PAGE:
The challenge is that melanoma is diagnosed by visual interpretation. Every year, millions of Americans have a suspicious mole or skin lesion biopsied and sent to a pathologist to determine whether it is a potentially deadly melanoma. The pathologist examines a slide of a thin slice of tissue and compares what is seen to published guidelines for what is cancer and what is not.

The pathologist’s interpretation is thus crucial to what happens next for the patient. If the lesion is diagnosed as benign, no treatment may be recommended. But if the pathologist says the slide suggests malignancy, the patient will typically undergo surgery and perhaps other treatments.

Pathologists are likely to agree when lesions are clear-cut – either benign or highly malignant – but they often disagree when interpreting lesions in the middle range.

Elmore and colleagues first published a paper on this challenge last summer. The American Joint Committee on Cancer has since issued new guidelines for staging of melanoma.

In the new paper, the researchers describe what happened when the old guidelines and the latest guidelines were applied to more than 4,300 individual slide interpretations examined by 187 pathologists in several states. The study found that pathologists agreed with an expert reference diagnosis on the status of 54 percent of early-stage invasive melanoma, versus 44 percent using the older guidelines. For cases diagnosed as a late stage of invasive melanoma, the pathologists agreed on 78 percent of the samples versus 72 percent under the earlier guidelines.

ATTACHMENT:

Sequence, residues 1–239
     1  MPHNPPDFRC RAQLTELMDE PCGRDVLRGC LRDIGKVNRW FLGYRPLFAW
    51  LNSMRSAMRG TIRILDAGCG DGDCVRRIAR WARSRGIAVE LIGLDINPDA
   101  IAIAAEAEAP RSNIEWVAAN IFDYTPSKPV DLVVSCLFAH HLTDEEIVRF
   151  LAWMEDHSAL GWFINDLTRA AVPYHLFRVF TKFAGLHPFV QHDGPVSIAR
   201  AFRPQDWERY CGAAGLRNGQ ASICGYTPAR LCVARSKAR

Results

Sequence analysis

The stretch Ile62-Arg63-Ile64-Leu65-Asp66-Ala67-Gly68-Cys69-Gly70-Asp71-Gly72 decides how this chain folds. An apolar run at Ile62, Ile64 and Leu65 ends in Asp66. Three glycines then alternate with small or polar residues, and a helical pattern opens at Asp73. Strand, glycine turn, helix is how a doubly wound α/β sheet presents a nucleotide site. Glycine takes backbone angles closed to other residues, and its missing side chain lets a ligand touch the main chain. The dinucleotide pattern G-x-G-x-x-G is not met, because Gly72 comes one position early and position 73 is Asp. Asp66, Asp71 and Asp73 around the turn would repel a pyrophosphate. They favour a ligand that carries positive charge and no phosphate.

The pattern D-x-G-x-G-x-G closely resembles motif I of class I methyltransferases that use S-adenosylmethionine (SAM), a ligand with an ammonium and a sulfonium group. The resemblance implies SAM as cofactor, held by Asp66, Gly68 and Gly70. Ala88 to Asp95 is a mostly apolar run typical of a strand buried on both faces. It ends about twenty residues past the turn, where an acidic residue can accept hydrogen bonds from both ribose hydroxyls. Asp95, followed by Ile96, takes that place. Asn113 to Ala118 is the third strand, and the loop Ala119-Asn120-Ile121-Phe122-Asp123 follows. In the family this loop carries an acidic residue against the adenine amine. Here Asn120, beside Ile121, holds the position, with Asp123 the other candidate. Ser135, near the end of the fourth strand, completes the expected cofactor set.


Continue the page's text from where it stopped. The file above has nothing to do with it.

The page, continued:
The study calls the improvement “modest,” but scientists are considering ways to improve diagnostic tools.

In the 2017 report, Elmore wrote, “The diagnostic variability that we found does not mean that pathologists are the problem. My appreciation of the challenges pathologists face on a daily basis attempting to classify biopsy specimens has grown exponentially. Interpreting these lesions is especially difficult and carries a lot of responsibility. Pathologists embrace this responsibility with the utmost skill and thoughtful commitment.”

Collaborators on the paper include senior author Dr. Michael Piepkorn, clinical professor of medicine, Division of Dermatology, at the UW School of Medicine.

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Free skin cancer screening program to make South Florida stop

MIAMI BEACH, Fla. – The Skin Cancer Foundation is doing its part this summer to help prevent the most common cancer in the U.S.

It’s estimated that one in five Americans will develop some form of skin cancer in their lives, but it’s highly preventable and treatable when caught early.

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On June 9-10, the foundation’s 38-foot RV, complete with two exam rooms, will stop in Miami Beach to provide free skin cancer screenings and sun protection products.

The Healthy Skin RV will be parked at the Clevelander Hotel, at 1020 Ocean Drive, from 10 a.m. to 4:30 p.m. The screenings will be available between 1 p.m. and 4 p.m. both days.